Money to install CCTV at Irish racecourse stable-yards in 2018 spent elsewhere

Absence of CCTV in some stable-yards highlighted by Charles Byrne-Viking Hoard case

Money allocated by Horse Racing Ireland (HRI) for the installation of CCTV cameras at some racecourse stable-yards in 2018 was used instead for other integrity purposes by the Irish Horseracing Regulatory Board (IHRB).

It is understood a decision was taken by the board of the IHRB that the funding would have allowed for CCTV installation at only a small number of tracks so was better spent on different aspects of integrity.

The absence of CCTV for integrity purposes in stable-yards at every Irish racecourse bar Leopardstown has been highlighted on the back of the Viking Hoard case and how the Charles Byrnes-trained horse was 'nobbled' at Tramore in 2018.

Viking Hoard was doped with the sedative ACP by an unidentified third party on October 18th of that year. The horse jumped six hurdles before being pulled up by jockey Kevin Brouder and was afterwards found to be 100 times over the screening limit for the drug.


Byrnes was last week given a six-month ban for being “seriously negligent” in leaving Viking Hoard unsupervised in his stable at Tramore for a period. He has lodged an appeal against that penalty.

In the original hearing into the case Byrnes’ solicitor referred to the “absence of a CCTV camera in the Tramore stable-yard that might have identified or eliminated possible culprits.” He suggested this resulted in “gaps in the investigation.”

The IHRB has come under fire generally for an absence of CCTV at the country’s racecourses, with renewed focus on how HRI’s budget allocation of €9.1 million for integrity in 2018 included provision for “CCTV installation at a number of racecourse stable-yards.”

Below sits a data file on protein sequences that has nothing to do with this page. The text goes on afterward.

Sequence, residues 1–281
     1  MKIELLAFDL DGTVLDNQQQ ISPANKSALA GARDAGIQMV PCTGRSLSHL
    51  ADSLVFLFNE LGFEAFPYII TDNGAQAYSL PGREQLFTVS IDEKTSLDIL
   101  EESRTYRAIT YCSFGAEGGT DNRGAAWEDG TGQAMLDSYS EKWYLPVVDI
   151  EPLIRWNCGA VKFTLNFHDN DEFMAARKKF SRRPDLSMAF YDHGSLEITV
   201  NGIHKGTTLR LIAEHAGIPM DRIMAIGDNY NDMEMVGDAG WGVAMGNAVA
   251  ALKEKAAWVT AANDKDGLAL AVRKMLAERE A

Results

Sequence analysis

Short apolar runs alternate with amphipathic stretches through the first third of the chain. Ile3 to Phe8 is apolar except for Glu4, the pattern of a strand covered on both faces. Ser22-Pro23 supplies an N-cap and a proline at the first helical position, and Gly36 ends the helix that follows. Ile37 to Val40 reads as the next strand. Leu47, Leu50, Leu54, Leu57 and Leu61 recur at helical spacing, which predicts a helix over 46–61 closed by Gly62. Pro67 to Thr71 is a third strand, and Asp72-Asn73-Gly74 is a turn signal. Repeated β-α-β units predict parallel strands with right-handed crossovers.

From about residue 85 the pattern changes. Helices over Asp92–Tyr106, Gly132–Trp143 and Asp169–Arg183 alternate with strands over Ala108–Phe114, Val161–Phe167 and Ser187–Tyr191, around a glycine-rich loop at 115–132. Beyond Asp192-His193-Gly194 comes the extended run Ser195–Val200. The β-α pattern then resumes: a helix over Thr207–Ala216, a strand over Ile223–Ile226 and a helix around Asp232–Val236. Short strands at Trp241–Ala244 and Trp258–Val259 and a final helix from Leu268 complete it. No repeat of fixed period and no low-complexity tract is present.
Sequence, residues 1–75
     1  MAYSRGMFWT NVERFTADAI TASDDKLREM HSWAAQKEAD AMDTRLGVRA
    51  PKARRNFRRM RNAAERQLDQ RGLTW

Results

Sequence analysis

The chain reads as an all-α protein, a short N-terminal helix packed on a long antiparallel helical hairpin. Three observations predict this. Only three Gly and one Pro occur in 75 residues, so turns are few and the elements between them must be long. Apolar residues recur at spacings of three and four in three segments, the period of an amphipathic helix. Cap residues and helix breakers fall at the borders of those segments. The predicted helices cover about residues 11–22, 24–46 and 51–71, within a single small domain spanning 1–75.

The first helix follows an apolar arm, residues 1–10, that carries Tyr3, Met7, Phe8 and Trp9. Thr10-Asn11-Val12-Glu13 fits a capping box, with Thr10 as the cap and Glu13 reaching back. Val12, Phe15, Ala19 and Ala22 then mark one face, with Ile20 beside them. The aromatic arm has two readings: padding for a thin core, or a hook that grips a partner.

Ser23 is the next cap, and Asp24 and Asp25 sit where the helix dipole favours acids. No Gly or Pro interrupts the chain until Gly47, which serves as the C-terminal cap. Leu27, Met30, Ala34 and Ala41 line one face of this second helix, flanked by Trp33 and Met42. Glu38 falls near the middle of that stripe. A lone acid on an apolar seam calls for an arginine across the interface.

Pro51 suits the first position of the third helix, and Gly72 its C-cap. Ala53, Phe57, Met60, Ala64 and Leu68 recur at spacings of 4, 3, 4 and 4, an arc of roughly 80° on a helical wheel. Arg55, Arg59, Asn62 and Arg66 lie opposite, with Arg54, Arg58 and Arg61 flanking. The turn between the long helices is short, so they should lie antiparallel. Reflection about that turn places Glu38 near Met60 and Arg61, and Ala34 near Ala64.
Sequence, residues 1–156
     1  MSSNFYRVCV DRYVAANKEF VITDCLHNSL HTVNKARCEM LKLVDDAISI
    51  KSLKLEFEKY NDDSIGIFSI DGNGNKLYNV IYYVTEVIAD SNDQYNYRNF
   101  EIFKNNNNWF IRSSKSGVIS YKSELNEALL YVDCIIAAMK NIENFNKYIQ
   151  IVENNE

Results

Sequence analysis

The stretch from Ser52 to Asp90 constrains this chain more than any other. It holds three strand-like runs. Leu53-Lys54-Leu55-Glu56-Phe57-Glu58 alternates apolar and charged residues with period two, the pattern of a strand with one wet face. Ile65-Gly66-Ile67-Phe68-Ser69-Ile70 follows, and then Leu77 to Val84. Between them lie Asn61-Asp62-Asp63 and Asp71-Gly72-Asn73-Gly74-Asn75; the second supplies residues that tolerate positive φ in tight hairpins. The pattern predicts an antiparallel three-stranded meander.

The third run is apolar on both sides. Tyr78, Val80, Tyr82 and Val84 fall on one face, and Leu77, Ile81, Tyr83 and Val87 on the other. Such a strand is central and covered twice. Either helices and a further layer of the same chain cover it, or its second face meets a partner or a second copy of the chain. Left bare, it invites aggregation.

CCTV in stable-yards has been mandatory in Britain for years. However Leopardstown - which is owned by HRI - is still the only track in Ireland to have had cameras installed for integrity purposes.

In 2019 Tramore privately installed CCTV in its stable-yard. The Curragh, which has both HRI and the IHRB as shareholders, did the same during its reconstruction with 90 per cent of its stables covered. It aims to be fully covered when racing resumes there in March.

Asked why HRI's 2018 budget for CCTV had been re-allocated, the IHRB spokesman, Niall Cronin, said on Tuesday: "Any re-allocation of any major funds from an approved budget is sanctioned by the board of the IHRB, subject to the approval of Horse Racing Ireland."

Cronin wouldn’t comment on how much money had been budgeted for CCTV installation. Asked what aspects of regulation the sum had been re-allocated to, he wouldn’t expand beyond “integrity services.”

It has been estimated that the installation of CCTV at a racecourse stable-yard can cost up to €20,000.

On the back of the controversial case which saw trainer Ted Walsh cleared of any wrongdoing in relation to how his horse Foxrock lost its front shoes at Punchestown in late 2014, examination was given by racing's authorities to a pilot scheme installing CCTV at a number of tracks.

Leopardstown was the first of them and was generally considered a success. However similar provision has yet to be made at any other course.

The decision to reallocate the HRI funding to other integrity areas was made by the IHRB board which in 2018 was chaired by the senior steward of the Irish National Hunt Steeplechase Committee (INHSC), Peter Allen.

It was the first year Irish racing began to be regulated by the IHRB, a limited company set up by the Turf Club and the INHSC. Previously regulation had been carried out by the Turf Club and the INHSC, both private clubs.

Members of both clubs took the decision to create the new company as a more appropriate structure for regulation. The Turf Club and the INHSC continue to exist as private clubs with each nominating three directors to the IHRB board.

HRI has budgeted €14 million for integrity and racecourses services in 2021.

In other news, the Irish Champion Stakes won by Magical at Leopardstown in September has been rated the second best race run in the world in 2020.

Only the International Stakes at York, where Ghaiyyath beat Magical, Lord North and Kameko, was rated superior in the Longines World Racing Awards announced on Tuesday. The Japan Cup was the third highest race.

Godolphin’s Ghaiyyath was rated the world’s best racehorse in 2020 on a handicap mark of 130. That put him 4lbs clear of the Kentucky Derby and Breeders Cup winner, Authentic.

Brian O'Connor

Brian O'Connor

Brian O'Connor is the racing correspondent of The Irish Times. He also writes the Tipping Point column